Release Date: Sep 14, 2010
Record label: Merge
Genre(s): Pop/Rock, Alternative/Indie Rock, Alternative Pop/Rock, Indie Rock
Though they never broke up, North Carolina's powerpop-punk charmers went quiet for much of the last decade, while frontman Mac McCaughan and bassist Laura Ballance set about turning their Merge record label into one of the US's classiest indie powerhouses (Arcade Fire, Spoon etc). A trickle of new singles in recent times suggested a return to their speedy, fuzzy mid-90s form, but few could have dared hope Majesty Shredding would be this good – Digging for Something, Slow Drip, Fractures in Plaster, to name but three, are as canny, catchy and goosebump-exciting as anything they've written. There's a beautiful balance at play with Superchunk – between punk-out directness and tricksy detail in their twin-guitar rush; between angst and euphoria in McCaughan's still-boyish yelp; lyrically, between the everyday and the oddly allegorical, and it's rarely sounded better than on Majesty Shredding.
For an album nine years in the making, Majesty Shredding sounds awfully effortless. I guess it's not really surprising, considering Superchunk has been churning out solid records for 20-plus years. So while the fact that the follow-up to 2001's Here's to Shutting Up is finally here might be shocking for long-time fans, that Majesty Shredding is one of the finest rock records of 2010 should surprise no one.
Superchunk never broke up officially after the release of 2001’s Here’s to Shutting Up album. They played the occasional live show, put out compilations and bootlegs, contributed to soundtracks, and released a couple singles and an EP, but no albums until 2010’s Majesty Shredding. Since they were never really gone, it’s hard to call the album a true comeback, but it is an impressive return to the spotlight as well as a heartwarming return to form.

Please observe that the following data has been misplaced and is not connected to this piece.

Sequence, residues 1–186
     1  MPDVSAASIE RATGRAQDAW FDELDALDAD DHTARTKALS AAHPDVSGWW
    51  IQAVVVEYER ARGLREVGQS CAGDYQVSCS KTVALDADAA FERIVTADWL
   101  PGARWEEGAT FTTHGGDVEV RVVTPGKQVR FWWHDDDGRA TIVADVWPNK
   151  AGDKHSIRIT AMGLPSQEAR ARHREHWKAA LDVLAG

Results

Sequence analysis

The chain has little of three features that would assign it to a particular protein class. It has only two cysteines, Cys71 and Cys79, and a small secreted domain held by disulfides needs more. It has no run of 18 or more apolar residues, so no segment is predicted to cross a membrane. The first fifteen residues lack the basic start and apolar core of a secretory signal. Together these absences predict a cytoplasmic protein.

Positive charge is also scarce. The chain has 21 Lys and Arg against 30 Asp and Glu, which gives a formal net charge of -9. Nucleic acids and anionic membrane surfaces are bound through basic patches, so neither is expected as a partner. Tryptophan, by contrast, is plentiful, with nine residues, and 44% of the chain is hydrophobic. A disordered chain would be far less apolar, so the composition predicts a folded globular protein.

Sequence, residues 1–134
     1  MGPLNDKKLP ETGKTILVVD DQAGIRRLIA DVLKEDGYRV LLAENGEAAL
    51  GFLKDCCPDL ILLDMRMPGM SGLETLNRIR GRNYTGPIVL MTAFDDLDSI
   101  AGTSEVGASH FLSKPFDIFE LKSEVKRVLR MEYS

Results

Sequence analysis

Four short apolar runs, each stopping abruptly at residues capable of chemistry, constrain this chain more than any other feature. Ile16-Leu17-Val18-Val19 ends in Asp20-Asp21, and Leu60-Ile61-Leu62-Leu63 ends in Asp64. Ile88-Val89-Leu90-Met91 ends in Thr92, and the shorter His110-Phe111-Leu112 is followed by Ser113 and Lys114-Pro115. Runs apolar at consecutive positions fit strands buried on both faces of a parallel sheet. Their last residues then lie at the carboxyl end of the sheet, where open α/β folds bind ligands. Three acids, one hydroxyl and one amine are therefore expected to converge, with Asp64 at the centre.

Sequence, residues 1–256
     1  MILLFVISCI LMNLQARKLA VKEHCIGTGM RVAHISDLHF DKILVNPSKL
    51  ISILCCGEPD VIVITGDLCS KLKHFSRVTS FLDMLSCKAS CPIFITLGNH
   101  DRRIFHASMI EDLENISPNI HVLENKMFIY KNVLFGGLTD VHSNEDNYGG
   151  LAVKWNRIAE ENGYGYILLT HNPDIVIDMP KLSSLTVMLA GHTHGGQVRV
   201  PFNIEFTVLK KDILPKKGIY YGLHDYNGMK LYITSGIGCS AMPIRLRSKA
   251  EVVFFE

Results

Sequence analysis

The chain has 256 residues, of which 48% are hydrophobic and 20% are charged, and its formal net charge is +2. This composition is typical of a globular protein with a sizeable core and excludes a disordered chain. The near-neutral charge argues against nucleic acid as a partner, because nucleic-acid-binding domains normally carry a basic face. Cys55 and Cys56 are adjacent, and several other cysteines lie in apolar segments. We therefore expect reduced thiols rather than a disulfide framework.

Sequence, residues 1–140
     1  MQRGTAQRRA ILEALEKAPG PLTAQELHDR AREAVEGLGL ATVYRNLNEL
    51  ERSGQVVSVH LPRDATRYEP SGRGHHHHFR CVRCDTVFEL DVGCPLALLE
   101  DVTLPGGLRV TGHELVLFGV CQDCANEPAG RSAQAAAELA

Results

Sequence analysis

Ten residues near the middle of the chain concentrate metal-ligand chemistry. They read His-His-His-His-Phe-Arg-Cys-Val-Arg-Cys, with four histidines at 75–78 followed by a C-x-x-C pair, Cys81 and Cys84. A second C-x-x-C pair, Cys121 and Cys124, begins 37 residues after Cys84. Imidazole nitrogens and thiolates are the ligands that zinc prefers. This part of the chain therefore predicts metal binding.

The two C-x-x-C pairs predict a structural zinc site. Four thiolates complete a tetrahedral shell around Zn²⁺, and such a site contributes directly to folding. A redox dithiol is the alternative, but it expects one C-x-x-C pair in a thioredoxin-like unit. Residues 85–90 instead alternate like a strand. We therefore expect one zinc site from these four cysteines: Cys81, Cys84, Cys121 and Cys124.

Rarer than a subtle Matt Bellamy solo is the band who can stand astride the twin pillars of intelligence and sheer fun within their musical scope. Realistically, the two seem diametrically opposed. To be ‘smart’ is to play clever tricks with tempo, time and densely intellectual lyrics that cause some to weep and some to snarl. And to be simply ‘fun’ suggests a rejection of the true ethics of music in favour of nothing more than beer, loose women and a thorough exploration of the power chord.
College rock may be little more than a fond memory to most, but before [a]Weezer[/a] gave geeks a mainstream figurehead there were [a]Superchunk[/a], thrashing out lo-fi pop gems to anyone who would listen. Back with their first proper album in nine years, somehow they sound younger and hungrier than ever, thundering through these taut, vital songs at breakneck speed. ‘[b]Majesty Shredding[/b]’ – even the title sounds like some kind of student in-joke – makes zero concession to the 21st century, praise be.